After three-plus hours of ads and celebrities, The Game Awards 2021 concluded with It Takes Two snagging the coveted Game of the Year (GOTY) title.
This was a pleasant surprise, especially since it’s a smaller game made by the indie studio Hazelight, with publishing support from EA. Plus, how can you not love co-writer/director Josef “f*** the Oscars!” Fares? And beyond It Takes Two, there were some well-deserved wins in other categories, like Marvel’s Guardians of the Galaxy (from Canada’s own Eidos Montreal, no less!) taking home Best Narrative or Best Action-Adventure going to Metroid Dread.
But now that the dust has settled, I find myself lamenting that no love was shown to Psychonauts 2, which was up for five awards, including GOTY. To take nothing away from Hazelight’s genuinely earned win, I wish Psychonauts 2 got more attention. Developed by LucasArts alum Tim Schafer’s Double Fine studio, Psychonauts 2 is easily one of the best games of this year. Although it came out in August, I only just finally beat it late last month, and I’m so happy I did.
Much has been said about the “AAA” gaming industry. In the same way that Hollywood is dominated by superheroes and other sequel-friendly blockbusters, many of the biggest games are action-packed, combat-focused experiences. Whether it’s presented in a realistically violent way (Call of Duty) or Looney Tunes-esque cartoonish mayhem (Fortnite), violence is at the heart of the majority of games. Now, I’m not someone who thinks violence in games is in any way harmful — that’s ridiculous — but it does sometimes leave me wanting for more variety.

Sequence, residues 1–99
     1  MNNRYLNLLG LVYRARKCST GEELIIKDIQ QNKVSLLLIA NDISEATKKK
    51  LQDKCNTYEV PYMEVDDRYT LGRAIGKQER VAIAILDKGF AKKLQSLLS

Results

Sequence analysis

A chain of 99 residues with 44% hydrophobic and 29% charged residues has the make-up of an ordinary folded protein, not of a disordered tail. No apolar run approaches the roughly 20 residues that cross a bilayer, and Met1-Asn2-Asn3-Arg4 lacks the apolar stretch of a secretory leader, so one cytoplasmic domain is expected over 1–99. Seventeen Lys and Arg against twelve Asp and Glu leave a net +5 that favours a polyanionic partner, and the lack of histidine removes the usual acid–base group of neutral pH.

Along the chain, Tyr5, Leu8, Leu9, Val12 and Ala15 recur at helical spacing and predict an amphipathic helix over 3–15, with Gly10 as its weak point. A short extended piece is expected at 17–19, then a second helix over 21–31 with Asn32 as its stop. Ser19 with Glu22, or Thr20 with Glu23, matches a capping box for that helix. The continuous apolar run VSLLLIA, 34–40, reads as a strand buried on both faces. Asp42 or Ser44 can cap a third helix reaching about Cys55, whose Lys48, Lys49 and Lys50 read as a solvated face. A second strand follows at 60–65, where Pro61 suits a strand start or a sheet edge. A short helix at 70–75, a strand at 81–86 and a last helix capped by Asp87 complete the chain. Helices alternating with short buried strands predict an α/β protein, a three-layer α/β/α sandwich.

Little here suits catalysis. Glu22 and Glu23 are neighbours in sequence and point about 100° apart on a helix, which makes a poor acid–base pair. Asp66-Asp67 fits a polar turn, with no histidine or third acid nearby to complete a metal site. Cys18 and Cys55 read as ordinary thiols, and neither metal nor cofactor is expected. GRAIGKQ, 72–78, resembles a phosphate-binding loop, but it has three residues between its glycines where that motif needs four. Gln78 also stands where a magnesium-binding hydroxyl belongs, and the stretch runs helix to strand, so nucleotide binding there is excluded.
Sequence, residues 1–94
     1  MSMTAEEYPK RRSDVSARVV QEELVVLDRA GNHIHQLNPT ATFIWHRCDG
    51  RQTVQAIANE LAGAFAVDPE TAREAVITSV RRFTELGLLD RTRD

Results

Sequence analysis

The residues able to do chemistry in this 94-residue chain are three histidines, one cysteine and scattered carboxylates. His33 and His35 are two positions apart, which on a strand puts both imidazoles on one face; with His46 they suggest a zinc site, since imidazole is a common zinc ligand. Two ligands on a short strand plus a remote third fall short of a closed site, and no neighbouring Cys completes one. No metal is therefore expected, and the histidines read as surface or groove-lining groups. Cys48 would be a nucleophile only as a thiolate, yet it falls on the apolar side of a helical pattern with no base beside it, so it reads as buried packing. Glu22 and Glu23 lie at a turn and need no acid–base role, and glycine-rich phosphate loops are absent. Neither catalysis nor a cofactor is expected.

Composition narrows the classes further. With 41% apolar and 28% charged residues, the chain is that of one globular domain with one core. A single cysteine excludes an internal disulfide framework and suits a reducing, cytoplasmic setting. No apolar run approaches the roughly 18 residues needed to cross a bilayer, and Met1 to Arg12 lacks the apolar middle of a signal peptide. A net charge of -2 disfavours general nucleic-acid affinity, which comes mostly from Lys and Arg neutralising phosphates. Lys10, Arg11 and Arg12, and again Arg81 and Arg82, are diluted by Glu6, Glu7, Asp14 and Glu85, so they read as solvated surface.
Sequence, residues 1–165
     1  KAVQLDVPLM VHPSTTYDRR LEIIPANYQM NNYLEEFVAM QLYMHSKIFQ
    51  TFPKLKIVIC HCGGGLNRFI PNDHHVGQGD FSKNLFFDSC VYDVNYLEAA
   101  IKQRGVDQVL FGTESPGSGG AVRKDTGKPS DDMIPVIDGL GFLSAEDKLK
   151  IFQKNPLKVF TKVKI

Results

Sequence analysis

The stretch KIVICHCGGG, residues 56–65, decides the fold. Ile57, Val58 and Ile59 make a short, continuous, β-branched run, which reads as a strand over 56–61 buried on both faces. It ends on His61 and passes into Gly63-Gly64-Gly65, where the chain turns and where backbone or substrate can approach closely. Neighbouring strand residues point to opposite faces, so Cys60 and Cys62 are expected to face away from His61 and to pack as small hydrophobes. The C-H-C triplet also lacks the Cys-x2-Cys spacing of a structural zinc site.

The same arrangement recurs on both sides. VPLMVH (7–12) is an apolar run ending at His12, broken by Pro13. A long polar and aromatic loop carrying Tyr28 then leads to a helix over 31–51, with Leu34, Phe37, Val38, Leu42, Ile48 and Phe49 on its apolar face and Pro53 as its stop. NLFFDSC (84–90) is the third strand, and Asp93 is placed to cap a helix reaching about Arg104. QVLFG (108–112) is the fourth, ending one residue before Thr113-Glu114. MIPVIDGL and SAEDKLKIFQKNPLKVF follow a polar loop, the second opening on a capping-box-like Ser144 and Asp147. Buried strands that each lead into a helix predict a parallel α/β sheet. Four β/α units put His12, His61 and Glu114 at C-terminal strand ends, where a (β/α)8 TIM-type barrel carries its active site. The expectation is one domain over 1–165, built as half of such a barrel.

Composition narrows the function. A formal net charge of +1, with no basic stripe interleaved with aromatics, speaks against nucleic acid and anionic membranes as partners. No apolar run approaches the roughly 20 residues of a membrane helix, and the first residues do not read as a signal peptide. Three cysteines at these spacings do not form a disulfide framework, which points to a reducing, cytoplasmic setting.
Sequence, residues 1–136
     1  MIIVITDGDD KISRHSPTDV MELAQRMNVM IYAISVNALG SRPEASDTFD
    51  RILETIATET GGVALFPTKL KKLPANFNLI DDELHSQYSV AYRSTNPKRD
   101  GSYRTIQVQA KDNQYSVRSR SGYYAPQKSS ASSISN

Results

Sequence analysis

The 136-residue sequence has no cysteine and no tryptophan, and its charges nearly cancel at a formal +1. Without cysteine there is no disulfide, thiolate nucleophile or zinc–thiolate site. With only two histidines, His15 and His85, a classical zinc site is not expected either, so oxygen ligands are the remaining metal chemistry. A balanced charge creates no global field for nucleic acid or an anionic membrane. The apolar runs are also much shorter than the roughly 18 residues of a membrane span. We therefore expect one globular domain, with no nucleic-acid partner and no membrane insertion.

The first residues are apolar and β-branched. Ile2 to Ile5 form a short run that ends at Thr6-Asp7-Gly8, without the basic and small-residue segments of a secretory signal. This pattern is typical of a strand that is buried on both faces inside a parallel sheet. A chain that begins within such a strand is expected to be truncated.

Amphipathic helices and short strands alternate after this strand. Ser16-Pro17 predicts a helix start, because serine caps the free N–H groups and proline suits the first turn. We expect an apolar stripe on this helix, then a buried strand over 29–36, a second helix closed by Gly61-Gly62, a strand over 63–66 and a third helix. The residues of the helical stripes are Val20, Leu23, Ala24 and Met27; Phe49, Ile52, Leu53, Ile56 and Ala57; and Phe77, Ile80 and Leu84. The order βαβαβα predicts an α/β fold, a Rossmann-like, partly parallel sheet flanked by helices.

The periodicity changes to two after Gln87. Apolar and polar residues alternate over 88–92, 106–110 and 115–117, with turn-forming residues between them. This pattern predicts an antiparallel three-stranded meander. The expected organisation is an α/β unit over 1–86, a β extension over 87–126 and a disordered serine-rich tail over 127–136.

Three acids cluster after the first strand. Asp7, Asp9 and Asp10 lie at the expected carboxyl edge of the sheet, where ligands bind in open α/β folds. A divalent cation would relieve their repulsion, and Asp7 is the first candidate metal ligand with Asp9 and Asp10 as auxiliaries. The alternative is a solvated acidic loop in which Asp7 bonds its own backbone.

That’s where Psychonauts 2 comes in. While It Takes Two certainly deserves credit for its emphasis on inventive cooperative gameplay, Psychonauts 2 is still the most wonderfully unique game I’ve played this year. If you’re unfamiliar, the Psychonauts games follow Razputin, a young acrobat who learns how to use his psychic abilities to protect the world. In terms of gameplay, Psychonauts 2 is a platformer that features a lot of exploration that’s fuelled by such fancy psychic powers as telekinesis, pyrokinesis and time manipulation. To be sure, there’s no shortage of games that allow you to be heroic, but the ways in which Psychonauts does this are genuinely brilliant.